Bureau of Labor Statistics

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Younger baby boomers and number of jobs held

| June 2016

How many jobs have you had since you turned 18? If you’re a baby boomer born between 1957 and 1964, the answer might be close to 12.

Data from the U.S. Bureau of Labor Statistics (BLS) National Longitudinal Survey show small differences in the average number of jobs held by men and women who were ages 18–48, born toward the end of the baby boom (the baby boom includes those born from 1946 to 1964). But greater differences emerge by education level and age. To see these data in the chart, click on the bar for men or women.

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Number of jobs held by people born between 1957 and 1964 who were ages 18–48 in 1978–2012, by gender, educational attainment, and age
  Total (1) Ages 18 to 24 Ages 25 to 29 Ages 30 to 34 Ages 35 to 39 Ages 40 to 48

Total

11.7 5.5 3 2.4 2.1 2.4

Less than a high school diploma

11.5 5 2.9 2.4 2 2.1

High school graduates, no college (2)

11.2 5.1 2.8 2.4 2.1 2.3

Some college or associate degree

12.3 5.8 3.1 2.5 2.1 2.5

Bachelor's degree and higher (3)

11.8 6.1 3 2.4 2.1 2.3

 

 

Men

11.8 5.7 3.1 2.5 2.1 2.4

Less than a high school diploma

12.9 5.7 3.5 2.6 2.1 2.5

High school graduates, no college (2)

11.7 5.5 3.1 2.6 2.1 2.3

Some college or associate degree

12.4 6 3.2 2.7 2.1 2.5

Bachelor's degree and higher (3)

11.2 5.8 2.8 2.4 2.2 2.3

 

 

Women

11.5 5.3 2.8 2.3 2.1 2.4

Less than a high school diploma

9.6 4 2.2 2.1 1.9 1.7

High school graduates, no college (2)

10.7 4.6 2.5 2.2 2.1 2.3

Some college or associate degree

12.3 5.6 3 2.4 2.2 2.6

Bachelor's degree and higher (3)

12.5 6.4 3.2 2.3 2 2.4

1 Jobs that were held in more than one of the age categories were counted in each appropriate column, but only once in the total column.

2 Includes persons with a high school diploma or equivalent.

3 Includes persons with a bachelor's, master's, professional, or doctoral degrees.

NOTE: This table excludes individuals who turned age 18 before January 1, 1978, or who had not yet turned age 49 when interviewed in 2012-13. The National Longitudinal Survey of Youth 1979 consists of men and women who were born in the years 1957-64 and were ages 14 to 22 when first interviewed in 1979. These individuals were ages 47 to 56 in 2012-13. Educational attainment is defined as of the 2012-13 survey. Race and Hispanic or Latino ethnicity groups are mutually exclusive but not exhaustive. Other race groups, which are included in the overall totals, are not shown separately because their representation in the survey sample is not sufficiently large to provide statistically reliable estimates.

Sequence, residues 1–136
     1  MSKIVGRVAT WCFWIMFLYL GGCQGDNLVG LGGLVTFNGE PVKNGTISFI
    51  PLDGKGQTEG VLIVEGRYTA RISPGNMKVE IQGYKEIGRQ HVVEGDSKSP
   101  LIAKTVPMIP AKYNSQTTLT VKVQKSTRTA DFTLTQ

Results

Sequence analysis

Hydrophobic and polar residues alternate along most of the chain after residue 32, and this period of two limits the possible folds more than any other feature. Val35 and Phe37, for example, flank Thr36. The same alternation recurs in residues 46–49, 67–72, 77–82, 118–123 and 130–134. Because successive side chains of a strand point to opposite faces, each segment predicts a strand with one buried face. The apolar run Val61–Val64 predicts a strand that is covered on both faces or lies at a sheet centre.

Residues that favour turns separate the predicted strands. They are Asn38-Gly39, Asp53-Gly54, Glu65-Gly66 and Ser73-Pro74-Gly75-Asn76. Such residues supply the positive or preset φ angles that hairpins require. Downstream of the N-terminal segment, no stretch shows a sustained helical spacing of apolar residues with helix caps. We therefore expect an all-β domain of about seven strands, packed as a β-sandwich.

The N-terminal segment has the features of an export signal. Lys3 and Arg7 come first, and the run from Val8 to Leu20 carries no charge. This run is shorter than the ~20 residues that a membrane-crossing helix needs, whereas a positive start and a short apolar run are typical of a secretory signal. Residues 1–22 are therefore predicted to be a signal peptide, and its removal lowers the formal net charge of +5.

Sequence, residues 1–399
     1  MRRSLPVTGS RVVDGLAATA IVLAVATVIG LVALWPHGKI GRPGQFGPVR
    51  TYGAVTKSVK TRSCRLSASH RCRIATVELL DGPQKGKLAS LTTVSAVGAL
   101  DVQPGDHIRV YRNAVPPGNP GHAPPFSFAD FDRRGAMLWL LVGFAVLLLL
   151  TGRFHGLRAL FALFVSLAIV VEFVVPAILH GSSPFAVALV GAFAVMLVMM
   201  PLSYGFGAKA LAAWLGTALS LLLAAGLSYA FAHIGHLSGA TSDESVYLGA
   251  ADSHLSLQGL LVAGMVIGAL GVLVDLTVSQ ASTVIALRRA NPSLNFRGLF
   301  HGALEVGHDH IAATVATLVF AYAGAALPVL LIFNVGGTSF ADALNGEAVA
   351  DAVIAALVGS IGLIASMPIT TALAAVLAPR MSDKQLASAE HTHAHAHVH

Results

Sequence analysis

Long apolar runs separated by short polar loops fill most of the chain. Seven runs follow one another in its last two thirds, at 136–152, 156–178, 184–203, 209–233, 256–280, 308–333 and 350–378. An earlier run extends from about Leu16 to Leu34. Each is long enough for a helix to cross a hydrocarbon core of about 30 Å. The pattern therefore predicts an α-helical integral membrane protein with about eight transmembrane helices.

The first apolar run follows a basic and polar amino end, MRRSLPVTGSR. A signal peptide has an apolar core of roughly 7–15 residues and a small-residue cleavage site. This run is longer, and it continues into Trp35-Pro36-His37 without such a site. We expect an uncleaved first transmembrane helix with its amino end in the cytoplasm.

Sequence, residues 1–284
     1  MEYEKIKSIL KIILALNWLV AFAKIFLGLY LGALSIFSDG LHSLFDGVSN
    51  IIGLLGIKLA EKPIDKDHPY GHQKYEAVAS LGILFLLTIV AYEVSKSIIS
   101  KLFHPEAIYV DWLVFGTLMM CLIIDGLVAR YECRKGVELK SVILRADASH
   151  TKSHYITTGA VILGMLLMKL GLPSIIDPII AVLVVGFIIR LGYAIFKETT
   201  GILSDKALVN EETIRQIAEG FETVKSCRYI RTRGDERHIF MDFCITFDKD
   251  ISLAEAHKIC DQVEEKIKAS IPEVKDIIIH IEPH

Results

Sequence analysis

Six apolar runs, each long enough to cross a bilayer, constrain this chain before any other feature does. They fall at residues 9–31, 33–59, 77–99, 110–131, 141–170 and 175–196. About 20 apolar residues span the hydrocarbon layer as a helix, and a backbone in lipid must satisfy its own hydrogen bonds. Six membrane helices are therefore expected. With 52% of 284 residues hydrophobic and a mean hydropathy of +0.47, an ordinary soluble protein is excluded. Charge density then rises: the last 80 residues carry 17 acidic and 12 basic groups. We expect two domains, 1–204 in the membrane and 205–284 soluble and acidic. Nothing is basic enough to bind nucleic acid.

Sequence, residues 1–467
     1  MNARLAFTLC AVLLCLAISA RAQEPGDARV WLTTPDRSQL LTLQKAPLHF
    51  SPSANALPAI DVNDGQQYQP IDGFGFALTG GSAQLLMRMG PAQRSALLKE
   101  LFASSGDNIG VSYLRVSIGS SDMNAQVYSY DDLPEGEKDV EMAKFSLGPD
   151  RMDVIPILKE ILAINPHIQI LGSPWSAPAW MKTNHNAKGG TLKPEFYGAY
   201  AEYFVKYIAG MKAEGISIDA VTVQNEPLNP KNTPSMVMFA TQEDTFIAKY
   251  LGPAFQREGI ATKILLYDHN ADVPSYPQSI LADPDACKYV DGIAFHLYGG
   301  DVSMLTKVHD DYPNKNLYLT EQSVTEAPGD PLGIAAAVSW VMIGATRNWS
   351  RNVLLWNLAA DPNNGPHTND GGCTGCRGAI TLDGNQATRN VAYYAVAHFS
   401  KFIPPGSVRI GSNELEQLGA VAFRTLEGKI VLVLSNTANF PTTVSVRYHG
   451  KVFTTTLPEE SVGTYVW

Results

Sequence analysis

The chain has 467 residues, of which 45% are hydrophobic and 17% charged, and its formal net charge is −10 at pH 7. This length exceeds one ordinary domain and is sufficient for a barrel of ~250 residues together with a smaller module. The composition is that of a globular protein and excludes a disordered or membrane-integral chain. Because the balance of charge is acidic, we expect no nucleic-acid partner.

As the data show, men with less education than a high school diploma held the most jobs, on average, of all respondents: 12.9. In contrast, women without a diploma had the fewest, 9.6. Men and women who have some college or an associate’s degree held about the same number: 12.4 and 12.3, respectively.

The data by age show the average number of jobs for people in each age group by education level. At all levels, men and women had the most jobs before age 25. This result may be because younger workers were still exploring different career paths.

These data are from the BLS National Longitudinal Survey of Youth 1979. This survey follows labor market activity and other significant life events of men and women born between 1957 and 1964.

About the Author

Domingo Angeles is an economist in the Office of Occupational Statistics and Employment Projections, BLS. He can be reached at (202) 691-5475 or angeles.domingo@bls.gov .

Suggested citation:

Domingo Angeles, "Younger baby boomers and number of jobs held ," Career Outlook, U.S. Bureau of Labor Statistics, June 2016.

Telephone: 1-202-691-5700 www.bls.gov/careeroutlook Contact Career Outlook

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